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Lone Wolf and Cub Part 5: Half Mat, One Mat, A Fistful of Rice

The warriors Ogami meets on his quest for revenge offer different interpretations of the path of honor, and even challenge legitimacy of his quest for revenge.

While walking the path of slaughter and revenge on his Dante-like quest through Japan, Ogami Itto, much like the Pilgrim of the Italian epic, is confronted with several powerful personalities who tell their respective stories and offer commentary on the nature of the world. Like the Pilgrim, Itto acts as both confessor, sympathetic listener, and judge; unlike Dante's protagonist he also holds the role of executioner, dispatching his targets without mercy for 500 gold pieces. And unlike the vision of the universe proscribed by the poet--a world view in which there is only one correct path to paradise and all other ways lead to damnation--the Japanese tend to lean towards the philosophy that, "There are many roads to the top of Mount Fuji". In this capacity, the warriors Ogami meets offer different interpretations of the path of honor, and even challenge legitimacy of his quest for revenge.

One of these challenges comes in the form of a drunken ronin named Shino Sakon who has given up his lands and title and instead uses his sword skills to amuse traveling peasants for a small pittance. His is a path dedicated to peace and sake, which philosophically blends Buddhism, humanism, Epicureanism, with Marxist class consciousness. While performing for the travelers, Sakon sees Ogami and Daigoro and intuits that they must be the now notorious assassins Lone Wolf and Cub.

After a subtle test of Ogami's skills which confirm his suspicions over the pair's identity, Sakon convinces father and son to join him for a meal. Although Ogami refuses to partake, Sakon orders sake and proceeds to elucidate his philosophy and pontificate on the virtues of alcohol. He explains that sake is the great leveler, the means by which all, regardless of class or any other socially constructed distinctions, are able to come together as equals. He then counsels that despite the innate humanity in all things, samurai are given the power of life and death over the over the other castes of society. Seisatsu yodatsu, established by the Tokugawa Shogunate, gave the samurai the right to kill any member of a lower segment of the population. Disgusted by a system that would allow such inhumanity Sakon explains that he has forsaken the path of the warrior and instead chosen the path of the human beggar, only using his martial training in ways that will not cause harm.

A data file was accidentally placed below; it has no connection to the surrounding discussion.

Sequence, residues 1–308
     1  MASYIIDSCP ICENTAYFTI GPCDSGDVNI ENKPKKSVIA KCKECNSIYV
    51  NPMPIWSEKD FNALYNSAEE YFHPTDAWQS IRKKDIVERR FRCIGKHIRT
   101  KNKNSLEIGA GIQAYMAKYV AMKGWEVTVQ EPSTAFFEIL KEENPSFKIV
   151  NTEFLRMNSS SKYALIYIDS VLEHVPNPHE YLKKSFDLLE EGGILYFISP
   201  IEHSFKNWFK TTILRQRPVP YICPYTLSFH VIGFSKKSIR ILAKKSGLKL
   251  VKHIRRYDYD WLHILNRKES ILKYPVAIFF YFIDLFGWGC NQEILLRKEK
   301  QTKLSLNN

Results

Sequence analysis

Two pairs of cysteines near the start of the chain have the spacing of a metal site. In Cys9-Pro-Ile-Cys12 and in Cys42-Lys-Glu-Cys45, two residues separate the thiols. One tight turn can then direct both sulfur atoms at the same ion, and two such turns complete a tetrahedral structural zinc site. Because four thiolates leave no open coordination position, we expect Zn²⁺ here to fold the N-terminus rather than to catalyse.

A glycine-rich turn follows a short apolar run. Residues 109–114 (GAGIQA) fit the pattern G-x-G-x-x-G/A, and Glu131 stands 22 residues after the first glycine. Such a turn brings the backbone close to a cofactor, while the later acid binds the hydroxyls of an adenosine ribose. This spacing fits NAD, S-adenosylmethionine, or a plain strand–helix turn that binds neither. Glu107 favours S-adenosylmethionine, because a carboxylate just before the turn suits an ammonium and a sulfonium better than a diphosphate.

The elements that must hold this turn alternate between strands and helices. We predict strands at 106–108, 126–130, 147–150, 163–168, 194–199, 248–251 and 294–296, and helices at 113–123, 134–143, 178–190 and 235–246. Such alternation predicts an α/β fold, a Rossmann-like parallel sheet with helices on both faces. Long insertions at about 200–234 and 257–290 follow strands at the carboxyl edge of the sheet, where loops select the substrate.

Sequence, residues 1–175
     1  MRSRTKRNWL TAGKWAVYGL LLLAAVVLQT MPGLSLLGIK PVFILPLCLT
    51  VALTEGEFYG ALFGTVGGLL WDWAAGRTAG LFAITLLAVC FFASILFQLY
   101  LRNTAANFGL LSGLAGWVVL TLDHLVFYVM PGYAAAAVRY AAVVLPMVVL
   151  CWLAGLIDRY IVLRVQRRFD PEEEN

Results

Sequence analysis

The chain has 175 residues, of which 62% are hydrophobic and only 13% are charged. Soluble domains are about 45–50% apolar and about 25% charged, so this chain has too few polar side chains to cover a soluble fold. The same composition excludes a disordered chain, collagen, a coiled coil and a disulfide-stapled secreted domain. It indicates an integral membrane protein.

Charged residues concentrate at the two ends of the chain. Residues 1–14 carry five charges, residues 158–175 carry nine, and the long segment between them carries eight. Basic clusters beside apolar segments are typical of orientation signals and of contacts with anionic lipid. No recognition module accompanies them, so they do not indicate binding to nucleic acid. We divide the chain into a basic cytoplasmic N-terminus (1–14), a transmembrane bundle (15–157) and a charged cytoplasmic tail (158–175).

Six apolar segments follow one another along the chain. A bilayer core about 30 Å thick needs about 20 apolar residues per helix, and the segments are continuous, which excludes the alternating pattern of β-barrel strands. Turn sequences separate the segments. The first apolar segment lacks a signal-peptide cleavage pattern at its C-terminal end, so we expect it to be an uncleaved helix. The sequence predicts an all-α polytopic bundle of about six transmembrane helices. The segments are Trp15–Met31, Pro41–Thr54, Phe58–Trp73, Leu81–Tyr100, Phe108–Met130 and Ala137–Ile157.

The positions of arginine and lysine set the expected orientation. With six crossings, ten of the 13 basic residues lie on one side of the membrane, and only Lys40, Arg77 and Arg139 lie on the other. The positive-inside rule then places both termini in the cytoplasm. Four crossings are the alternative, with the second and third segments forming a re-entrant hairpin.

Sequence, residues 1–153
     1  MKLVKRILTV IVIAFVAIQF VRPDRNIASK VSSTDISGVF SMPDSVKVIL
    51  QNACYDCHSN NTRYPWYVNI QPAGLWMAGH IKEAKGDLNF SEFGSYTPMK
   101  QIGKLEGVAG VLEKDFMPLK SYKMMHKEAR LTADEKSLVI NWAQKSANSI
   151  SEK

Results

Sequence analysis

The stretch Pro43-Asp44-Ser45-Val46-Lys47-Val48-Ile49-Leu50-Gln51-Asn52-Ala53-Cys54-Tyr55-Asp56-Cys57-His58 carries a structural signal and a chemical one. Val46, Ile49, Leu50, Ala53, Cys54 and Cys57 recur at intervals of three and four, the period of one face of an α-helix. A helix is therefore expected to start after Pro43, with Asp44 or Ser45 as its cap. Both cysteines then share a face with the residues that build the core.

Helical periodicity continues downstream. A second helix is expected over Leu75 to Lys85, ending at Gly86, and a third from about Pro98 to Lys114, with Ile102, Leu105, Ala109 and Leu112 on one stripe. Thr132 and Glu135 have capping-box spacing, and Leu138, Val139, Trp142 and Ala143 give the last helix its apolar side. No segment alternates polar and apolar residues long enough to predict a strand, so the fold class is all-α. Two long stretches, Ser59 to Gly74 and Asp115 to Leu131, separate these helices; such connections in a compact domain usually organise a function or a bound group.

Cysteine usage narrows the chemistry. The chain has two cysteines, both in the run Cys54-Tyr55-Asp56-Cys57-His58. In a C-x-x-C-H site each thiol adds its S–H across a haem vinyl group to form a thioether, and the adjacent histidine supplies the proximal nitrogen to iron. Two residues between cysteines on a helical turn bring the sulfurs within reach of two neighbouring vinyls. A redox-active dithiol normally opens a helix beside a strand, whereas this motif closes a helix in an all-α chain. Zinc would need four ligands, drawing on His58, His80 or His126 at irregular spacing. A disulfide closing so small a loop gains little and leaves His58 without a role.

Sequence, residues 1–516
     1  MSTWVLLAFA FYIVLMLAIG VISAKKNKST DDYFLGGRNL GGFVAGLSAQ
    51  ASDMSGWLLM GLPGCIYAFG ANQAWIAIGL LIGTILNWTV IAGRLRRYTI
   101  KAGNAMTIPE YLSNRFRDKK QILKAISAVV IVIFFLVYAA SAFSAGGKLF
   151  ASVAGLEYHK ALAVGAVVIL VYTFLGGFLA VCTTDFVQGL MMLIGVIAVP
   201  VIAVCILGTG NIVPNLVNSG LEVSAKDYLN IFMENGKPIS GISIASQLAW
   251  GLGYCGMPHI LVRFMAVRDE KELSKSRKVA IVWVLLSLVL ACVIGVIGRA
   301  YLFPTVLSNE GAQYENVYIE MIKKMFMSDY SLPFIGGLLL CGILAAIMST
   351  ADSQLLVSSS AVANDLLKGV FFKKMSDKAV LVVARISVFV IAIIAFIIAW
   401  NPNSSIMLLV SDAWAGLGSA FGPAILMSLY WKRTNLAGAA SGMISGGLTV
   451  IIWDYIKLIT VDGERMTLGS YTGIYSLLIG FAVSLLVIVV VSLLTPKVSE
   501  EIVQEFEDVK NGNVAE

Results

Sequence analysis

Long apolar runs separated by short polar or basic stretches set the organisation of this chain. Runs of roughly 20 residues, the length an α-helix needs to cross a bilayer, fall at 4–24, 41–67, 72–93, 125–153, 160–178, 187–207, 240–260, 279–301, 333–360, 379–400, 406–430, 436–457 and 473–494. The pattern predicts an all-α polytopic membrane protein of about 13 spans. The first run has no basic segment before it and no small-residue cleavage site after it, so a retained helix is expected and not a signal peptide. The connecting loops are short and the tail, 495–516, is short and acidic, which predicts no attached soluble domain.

By this point in the discussion Sakon reveals the he intentionally lured Ogami and his son to meet with him so that he might plead with them to forsake their demon road. He argues, "We only get fifty years on this earth. Compared to the cycle of reincarnation, it is but a flickering shadow of a dream...Why spend that fleeting life on the assassin's road, killing again and again for money?! Abandon the assassin's way!" Naturally, Ogami refuses. He explains that their quest for revenge is one that they have chosen and he declares that, "The blood that splatters my body can be cleansed, but the blood that stains my being can never be washed away!" Explaining that, "Killing for money is evil in the eyes of the world! No matter what your quest," Sakon challenges Ogami to a duel.

As the two prepare to battle both attempt to judge the other's skill and likely plan of attack. This is the first time that the creators utilize this visual narrative device that will recur during some of Ogami's most dangerous fights. As both warriors hold still, they imagine how the battle might take place. Using darkened panels to give the battle a sense of dreamlike unreality, artist Goseki Kojima creates possible sequences in which in all but both characters die. In one notable exception however, it is Sakon and not Ogami who is the victor. As Daigoro watches with trepidation, his father charges. Sakon draws as Ogami leaps high and throws his sword catching his opponent directly in the chest.

The ronin stands bleeding, and Ogami immediately states that victory should have been Sakon's. The dying man admits that he never expected a samurai to throw his sword to which Ogami replies, "...to me a sword is a tool for killing, no more sacred than a club or a shard of rock." Sakon reflects on this and wonders if he never really was able to give up the trappings of a samurai.